2009. So I’d watch some instructional videos and try to get good at it. Yeah, I would get to a point where I would be making the projects that I wanted to make and then I would have friends reach out and say, hey, I saw that thing. It was pretty good. Can you you make something like that for me? And so I got into the production side.

I started kind of building up a career in that as well. as while I was doing art for myself. I learned quickly the difference between making art for yourself and making art for others. One is bringing your own vision to life and one is bringing their vision to life. It has its own set of challenges I’m sure.

I think it’s such a great message in the sense of, not that you grew up middle to lower class, but in the sense of– you had mediocre equipment, but you had to be the best at it. You took the approach of like, you were hungry for the knowledge. You were watching every video. Then people were coming around and being like, dang, Nathan, that was really good on whatever camera or whatever equipment you were using. I mean, that’s powerful.

Thank you. Yeah, it was very much encouraged by my parents who they were like, whatever you do, do it with excellence, do it to the best of your ability, because if you’re not doing it to the best of your ability, what is the point if you’re not enjoying the creation of something? If it’s all about the outcome and you’re not enjoying the process or really engaged in it.

in the process, why are you doing it, you know?

What good parenting!

They were fantastic.

I wanna take a page out of that book. No, for real. Like whoever Nathan’s parents are.

Jonathan and Deborah Dowdy. They’re amazing, yeah. Shout out to them, shout out to the folks.

That’s awesome. I am wondering with this landscape of listener patterns, have you found anything to be more impactful? There are EPs, singles, albums. Is there one that’s better than another? Why do people choose singles in your opinion? Why do they do the EPs? Why do they do a full album? Talk to me about that.

Yeah, well it’s something that Anna and I have been talking about a lot lately, and kind of how we… both present our own work and the artists that we work with and such. And it’s something that’s always changing. So there are all the social media giants that always change the rules for what gets engaged with, oh, it’s most important if you save the post this week.  Now it’s like, well, now they’ve changed everything. Now it’s important if you share it, it’ll bump it more. if it gets more shares, et cetera, et cetera, and they’re always changing these. So in an environment of ever -changing rules where the rules change faster than the material that we can make.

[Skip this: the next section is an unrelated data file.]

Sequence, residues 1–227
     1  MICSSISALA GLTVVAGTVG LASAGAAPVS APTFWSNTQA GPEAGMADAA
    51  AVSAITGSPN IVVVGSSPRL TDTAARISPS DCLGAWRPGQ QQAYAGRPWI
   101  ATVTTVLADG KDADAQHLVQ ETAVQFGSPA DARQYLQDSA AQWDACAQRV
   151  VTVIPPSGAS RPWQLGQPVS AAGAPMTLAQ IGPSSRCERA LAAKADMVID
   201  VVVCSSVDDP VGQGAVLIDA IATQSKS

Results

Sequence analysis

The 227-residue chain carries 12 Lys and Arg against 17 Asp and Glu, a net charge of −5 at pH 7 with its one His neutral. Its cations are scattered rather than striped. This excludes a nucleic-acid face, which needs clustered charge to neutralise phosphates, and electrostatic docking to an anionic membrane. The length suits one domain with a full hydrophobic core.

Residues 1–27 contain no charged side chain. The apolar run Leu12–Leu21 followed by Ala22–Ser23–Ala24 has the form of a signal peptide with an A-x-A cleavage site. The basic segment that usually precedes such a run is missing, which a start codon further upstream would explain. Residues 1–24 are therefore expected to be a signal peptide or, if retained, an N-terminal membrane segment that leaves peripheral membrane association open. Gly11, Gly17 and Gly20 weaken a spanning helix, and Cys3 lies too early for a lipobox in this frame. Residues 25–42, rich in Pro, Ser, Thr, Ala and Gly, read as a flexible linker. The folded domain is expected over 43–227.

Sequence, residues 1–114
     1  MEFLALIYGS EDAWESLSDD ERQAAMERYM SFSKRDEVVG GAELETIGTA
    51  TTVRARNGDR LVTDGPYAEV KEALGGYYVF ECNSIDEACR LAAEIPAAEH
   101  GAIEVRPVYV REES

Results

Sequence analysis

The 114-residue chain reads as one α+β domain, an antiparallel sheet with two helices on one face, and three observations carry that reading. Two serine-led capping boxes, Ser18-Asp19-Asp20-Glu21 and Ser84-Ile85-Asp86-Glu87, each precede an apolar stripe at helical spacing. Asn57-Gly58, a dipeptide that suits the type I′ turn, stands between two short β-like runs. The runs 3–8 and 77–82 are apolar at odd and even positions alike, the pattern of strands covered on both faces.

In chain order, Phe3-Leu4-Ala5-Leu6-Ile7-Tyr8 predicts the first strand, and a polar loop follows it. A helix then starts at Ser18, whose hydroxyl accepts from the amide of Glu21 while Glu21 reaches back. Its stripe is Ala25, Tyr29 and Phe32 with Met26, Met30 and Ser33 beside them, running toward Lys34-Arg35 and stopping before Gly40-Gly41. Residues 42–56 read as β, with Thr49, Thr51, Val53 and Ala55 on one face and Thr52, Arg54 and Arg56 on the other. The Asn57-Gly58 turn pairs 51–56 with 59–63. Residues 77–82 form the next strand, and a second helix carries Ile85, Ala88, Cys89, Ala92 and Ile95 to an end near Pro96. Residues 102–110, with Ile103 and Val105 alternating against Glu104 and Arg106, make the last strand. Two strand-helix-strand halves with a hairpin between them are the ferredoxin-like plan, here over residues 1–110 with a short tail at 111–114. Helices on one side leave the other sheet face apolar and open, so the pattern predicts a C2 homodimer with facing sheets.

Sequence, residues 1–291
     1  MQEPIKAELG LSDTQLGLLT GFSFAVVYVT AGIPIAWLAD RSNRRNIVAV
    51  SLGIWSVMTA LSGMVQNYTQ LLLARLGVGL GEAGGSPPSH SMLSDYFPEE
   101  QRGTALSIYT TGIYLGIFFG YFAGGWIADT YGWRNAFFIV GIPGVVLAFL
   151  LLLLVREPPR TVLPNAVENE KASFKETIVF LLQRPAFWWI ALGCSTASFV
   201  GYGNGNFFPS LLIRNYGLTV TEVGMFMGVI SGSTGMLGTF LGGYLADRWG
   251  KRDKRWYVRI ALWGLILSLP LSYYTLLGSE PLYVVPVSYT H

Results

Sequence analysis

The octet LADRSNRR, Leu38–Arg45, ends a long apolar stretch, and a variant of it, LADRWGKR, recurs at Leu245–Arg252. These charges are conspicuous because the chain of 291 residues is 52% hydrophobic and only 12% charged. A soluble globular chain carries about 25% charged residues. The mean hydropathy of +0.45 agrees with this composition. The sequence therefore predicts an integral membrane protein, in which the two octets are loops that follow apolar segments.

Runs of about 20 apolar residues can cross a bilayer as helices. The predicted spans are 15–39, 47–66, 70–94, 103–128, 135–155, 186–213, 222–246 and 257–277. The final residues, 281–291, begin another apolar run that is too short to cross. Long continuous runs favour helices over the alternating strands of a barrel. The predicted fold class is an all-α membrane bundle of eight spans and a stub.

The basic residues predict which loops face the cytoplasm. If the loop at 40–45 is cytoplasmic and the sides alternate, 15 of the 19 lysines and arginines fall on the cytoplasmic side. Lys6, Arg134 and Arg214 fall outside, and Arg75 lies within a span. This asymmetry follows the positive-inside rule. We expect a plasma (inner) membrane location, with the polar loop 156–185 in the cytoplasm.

Well, and the different platforms on top of that, there’s Instagram, there’s TikTok, short form, long form, is this YouTube. I mean, there’s so much that goes into it. How do you stay on top of it? What do you see coming forward?

Those are the questions that I think you have to ask those questions every time you approach the presentation of creative expression. And I say that specifically because as you are making things, it’s like we talked about earlier, if you’re, if you’re not. Considering how to approach your audience and communicate with them in the best way, your original material is going to not be able to engage with the right audience that is going to best enjoy and appreciate your work. So you have to position it in a way that is going to be best for them. And the way that we found to do that is using singles you put your you put your best foot forward You know with your singles so you record, you know the full record and then you listen back you get like I’m a huge fan of You know independent focus grouping your your work. So, friends people who you trust you know saying “hey tell me the single of this list.

What do you what stands out to you the most?” And usually you can tell, like when you get to the end of a record, you’re like, “Yeah, it’s this one.”

And it’s like, “I know exactly.”

Yeah, we focused -grouped a lot of songs.

Yeah, but it makes sense, it makes sense. All right, well that focus -grouping is what you’re saying.